I’m rather fond of Scotland. I don’t go there nearly as much as I ought to, mainly because it’s such a hike, but every time I’ve been I’ve discovered something new. Whether it’s the tranquility of Loch Lomond and the Trossachs, the stark beauty of Glencoe or the nordic history and diverse bird life of Shetland, it’s got pretty much everything. Continue reading North of the border
I’ve been posting these photos up all over my social media feed lately; these are images I’ve made in Photoshop from photographs I have taken during my many visits to Iceland over the years. Ever since the first time I went to Iceland it has struck me how the landscape can be represented by bands of colour, from the green of the aurora in the sky through the white snow-capped mountains and glaciers, the bare black rock, the green (or brown) of the grass and the black sand beaches that lead into the deep blue-grey of the north Atlantic ocean. Continue reading Impressions of Iceland
Modern Iceland has a population barely exceeding 300,000 people. The vast majority of Icelanders (over 200,000) live in Reykajvík and the surrounding conurbation, which consists of Mosfellsbær to the north, and Kópavogur, Garðabær and Hafnarfjörður to the south. The next largest town is Akureyri, in the north of the country, which has a population of around 18,000, with the rest of Iceland’s population distributed throughout towns, villages, hamlets and farms scattered around the coastline. The interior, also known as Hálendið (the highland), is utterly uninhabitable, and impassable by all but the most rugged 4×4. In winter, the four routes through the middle of Iceland are closed to traffic completely.
The extremely low population density means that road maintenance, which is funded by taxpayers, is prioritised towards the more populous regions, and it is not uncommon to be driving towards a remote lake, waterfall or settlement and find the road surface suddenly deteriorate into a pitted gravel surface (heralded by the warning ‘Malbik Endar’). Recent years have seen a huge rise in tourist visitors to Iceland, however, and many of the more popular destinations are now serviced by fully surfaced roads.
Despite its low population, Iceland has a booming music scene, which reaches far beyond the much feted Björk and Sigur Rós. Something in the education system, possibly combined with the island’s isolation, means many people use music as a form of self-expression, and the parochial nature of even the capital means musicians don’t need to look far to find like-minded individuals with whom they can form bands. Another consequence of the lack of people means that many bands share members, and it’s not uncommon to see the same musician appear with two or even three separate bands at various times.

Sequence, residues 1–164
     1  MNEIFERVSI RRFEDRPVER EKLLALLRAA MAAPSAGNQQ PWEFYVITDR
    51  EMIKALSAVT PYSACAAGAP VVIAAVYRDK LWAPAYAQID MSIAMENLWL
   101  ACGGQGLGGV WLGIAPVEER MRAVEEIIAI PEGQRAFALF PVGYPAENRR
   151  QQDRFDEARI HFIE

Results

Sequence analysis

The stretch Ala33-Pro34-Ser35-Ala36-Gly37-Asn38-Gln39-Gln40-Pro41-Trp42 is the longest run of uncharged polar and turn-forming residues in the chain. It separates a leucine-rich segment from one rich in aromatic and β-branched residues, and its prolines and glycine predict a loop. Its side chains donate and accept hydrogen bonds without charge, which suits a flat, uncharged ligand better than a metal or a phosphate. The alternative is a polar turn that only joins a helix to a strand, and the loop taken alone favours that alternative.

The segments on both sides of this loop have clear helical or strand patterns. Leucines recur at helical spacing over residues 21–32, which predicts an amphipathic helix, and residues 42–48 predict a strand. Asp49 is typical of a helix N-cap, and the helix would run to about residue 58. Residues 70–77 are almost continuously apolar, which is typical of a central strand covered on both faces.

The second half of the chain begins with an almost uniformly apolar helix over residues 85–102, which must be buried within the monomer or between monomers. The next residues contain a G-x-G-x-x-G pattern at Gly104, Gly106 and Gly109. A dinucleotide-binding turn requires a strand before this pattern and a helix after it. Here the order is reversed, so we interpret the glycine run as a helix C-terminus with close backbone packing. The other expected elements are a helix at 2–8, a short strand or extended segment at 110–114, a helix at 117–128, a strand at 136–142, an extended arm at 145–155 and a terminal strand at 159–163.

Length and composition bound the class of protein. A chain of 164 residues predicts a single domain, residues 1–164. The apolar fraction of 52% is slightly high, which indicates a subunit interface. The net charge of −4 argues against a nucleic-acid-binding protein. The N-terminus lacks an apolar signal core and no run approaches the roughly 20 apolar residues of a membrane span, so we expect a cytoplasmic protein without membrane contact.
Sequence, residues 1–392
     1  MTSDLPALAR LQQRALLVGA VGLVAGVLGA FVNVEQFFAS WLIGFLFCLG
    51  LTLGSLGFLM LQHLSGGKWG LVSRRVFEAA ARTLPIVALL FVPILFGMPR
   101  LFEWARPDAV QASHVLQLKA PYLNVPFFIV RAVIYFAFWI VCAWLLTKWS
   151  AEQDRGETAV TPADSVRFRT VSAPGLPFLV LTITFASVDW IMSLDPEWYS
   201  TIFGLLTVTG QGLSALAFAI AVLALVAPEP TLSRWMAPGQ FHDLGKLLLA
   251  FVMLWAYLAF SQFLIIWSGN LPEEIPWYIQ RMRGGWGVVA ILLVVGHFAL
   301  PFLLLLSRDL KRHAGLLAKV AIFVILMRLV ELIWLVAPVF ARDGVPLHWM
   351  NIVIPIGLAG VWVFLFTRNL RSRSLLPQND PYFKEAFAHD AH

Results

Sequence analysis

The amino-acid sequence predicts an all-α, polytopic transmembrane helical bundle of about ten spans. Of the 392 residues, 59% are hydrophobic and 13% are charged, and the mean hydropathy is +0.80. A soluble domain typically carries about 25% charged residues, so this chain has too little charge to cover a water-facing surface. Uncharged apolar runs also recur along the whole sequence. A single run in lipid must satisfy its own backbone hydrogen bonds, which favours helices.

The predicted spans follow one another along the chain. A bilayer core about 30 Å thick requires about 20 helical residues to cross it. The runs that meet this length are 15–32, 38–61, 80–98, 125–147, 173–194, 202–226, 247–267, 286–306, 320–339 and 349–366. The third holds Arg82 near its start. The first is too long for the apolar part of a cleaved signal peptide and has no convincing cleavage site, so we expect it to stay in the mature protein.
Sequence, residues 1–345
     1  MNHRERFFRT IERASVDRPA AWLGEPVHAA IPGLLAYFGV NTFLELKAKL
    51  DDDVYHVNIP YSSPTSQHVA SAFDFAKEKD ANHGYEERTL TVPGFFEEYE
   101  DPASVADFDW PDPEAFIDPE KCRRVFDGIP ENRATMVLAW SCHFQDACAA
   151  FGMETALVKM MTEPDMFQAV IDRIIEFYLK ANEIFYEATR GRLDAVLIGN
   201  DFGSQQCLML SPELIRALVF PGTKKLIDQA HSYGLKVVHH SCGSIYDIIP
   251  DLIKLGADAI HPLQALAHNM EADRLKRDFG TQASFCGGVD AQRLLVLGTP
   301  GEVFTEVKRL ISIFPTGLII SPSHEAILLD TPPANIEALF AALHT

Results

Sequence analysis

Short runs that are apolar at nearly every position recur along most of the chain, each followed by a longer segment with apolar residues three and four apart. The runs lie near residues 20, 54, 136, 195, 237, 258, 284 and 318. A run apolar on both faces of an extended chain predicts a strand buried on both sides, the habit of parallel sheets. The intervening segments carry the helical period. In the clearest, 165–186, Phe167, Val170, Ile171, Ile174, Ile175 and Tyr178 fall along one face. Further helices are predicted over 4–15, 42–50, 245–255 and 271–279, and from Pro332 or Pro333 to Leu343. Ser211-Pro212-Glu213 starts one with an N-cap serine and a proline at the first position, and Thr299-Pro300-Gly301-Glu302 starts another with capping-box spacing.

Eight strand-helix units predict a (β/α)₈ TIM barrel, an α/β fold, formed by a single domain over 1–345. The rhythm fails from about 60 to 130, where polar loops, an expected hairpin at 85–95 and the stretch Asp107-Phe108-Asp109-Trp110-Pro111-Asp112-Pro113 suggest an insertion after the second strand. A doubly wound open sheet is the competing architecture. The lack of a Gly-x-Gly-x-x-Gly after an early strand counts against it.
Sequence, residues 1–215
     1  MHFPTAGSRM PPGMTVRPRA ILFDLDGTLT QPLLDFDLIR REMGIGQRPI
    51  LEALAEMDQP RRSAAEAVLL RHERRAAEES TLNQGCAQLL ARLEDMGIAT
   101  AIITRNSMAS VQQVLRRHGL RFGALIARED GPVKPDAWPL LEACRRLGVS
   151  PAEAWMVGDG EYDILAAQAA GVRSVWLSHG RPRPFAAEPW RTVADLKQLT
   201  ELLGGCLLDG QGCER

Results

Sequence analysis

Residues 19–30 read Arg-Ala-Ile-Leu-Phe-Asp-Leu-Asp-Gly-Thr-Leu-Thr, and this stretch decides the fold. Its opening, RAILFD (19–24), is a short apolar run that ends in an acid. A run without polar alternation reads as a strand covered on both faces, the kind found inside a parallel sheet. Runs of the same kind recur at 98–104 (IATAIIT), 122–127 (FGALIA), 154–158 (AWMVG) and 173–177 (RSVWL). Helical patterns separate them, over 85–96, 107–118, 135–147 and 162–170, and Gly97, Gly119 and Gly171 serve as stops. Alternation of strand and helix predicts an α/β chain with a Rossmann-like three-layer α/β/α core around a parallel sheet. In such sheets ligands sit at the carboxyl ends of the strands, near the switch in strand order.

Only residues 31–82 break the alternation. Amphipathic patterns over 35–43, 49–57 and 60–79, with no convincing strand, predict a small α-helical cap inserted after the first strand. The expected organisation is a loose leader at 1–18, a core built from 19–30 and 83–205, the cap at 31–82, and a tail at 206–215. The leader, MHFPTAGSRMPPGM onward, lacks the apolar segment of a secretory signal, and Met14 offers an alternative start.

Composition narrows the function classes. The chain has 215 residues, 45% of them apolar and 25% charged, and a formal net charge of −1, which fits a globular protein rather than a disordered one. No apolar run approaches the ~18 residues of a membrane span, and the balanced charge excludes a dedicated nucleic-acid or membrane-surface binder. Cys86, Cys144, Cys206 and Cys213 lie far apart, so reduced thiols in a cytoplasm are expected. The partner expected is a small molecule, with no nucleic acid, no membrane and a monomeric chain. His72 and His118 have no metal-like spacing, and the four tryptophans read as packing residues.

The annual Iceland Airwaves festival, held in venues across Reykjavík in the late autumn, has in recent years grown exponentially into one of the world’s foremost musical events. Acting as a showpiece for primarily new and up-and-coming artists (from home and abroad), it is a great way to acquaint oneself with the local musical talent, as well as discover some newer bands on the verge of greatness (Florence and the Machine and Elbow are two bands who rose to international recognition on the back of Airwaves appearances). Some idiosyncratic choices at the 2011 event (namely Sinéad O’Connor and Yoko Ono) made many people question the festival’s commitment to new music, but the general feeling from people who attended was that it was possibly the best thing they’d been to, ever.
Winter in Iceland is an unusual time of year for people used to less polar latitudes. It’s common knowledge that through the winter solstice you get very little daylight at all. Even in late February the sun rises above the horizon for just 9 hours, and given that Iceland is further to the west than the UK, yet still uses GMT, the ‘day’ is shifted so that you get more daylight after midday than before. This also gives rise to a more regular ‘midnight sun’ during the summer months that would otherwise not occur, a sly marketing trick, I think!
Iceland’s main international airport sits at the western tip of the Reykjanes peninsula, near the town of Keflavík, and is named after Leifur Eiríksson, the man credited by many with discovering the Americas (though he named them Vinland). First time visitors, who have been informed by their departure airport that their flight is to Reykjavík, are usually in for a surprise as there is a half-hour journey by road through the barren lava fields of Reykjanes before they finally reach the capital.
I had met a young couple on the plane who, despite being well-travelled, had not visited Iceland before. I envied them their first visit to Iceland, an experience that can never be repeated. Instead, I picked up my rental car and drove myself to the capital, where I was meeting Inga, who had very kindly arranged my accommodation for the week in the 4-star Radisson 1919 hotel right in the middle of town.
Once settled in, I helped myself to one of the town’s, and possibly the world’s, best hotdogs. ‘Bæjarins Beztu Pylsur’ literally means ‘Town’s best hotdogs’ and is aptly named. If you ask for ‘eina með öllu’ (‘one with everything’) you get a bun with onions, ketchup, mustard and remoulade sauce smothered over a perfect hotdog sausage. As traditional Icelandic food goes, it’s not quite up there with dried fish or fermented shark, but if it’s good enough for President Bill Clinton, it’s good enough for me. (In fact, Slick Willie only wanted mustard on his, so if you ask for ‘the Clinton’, that’s what you get!)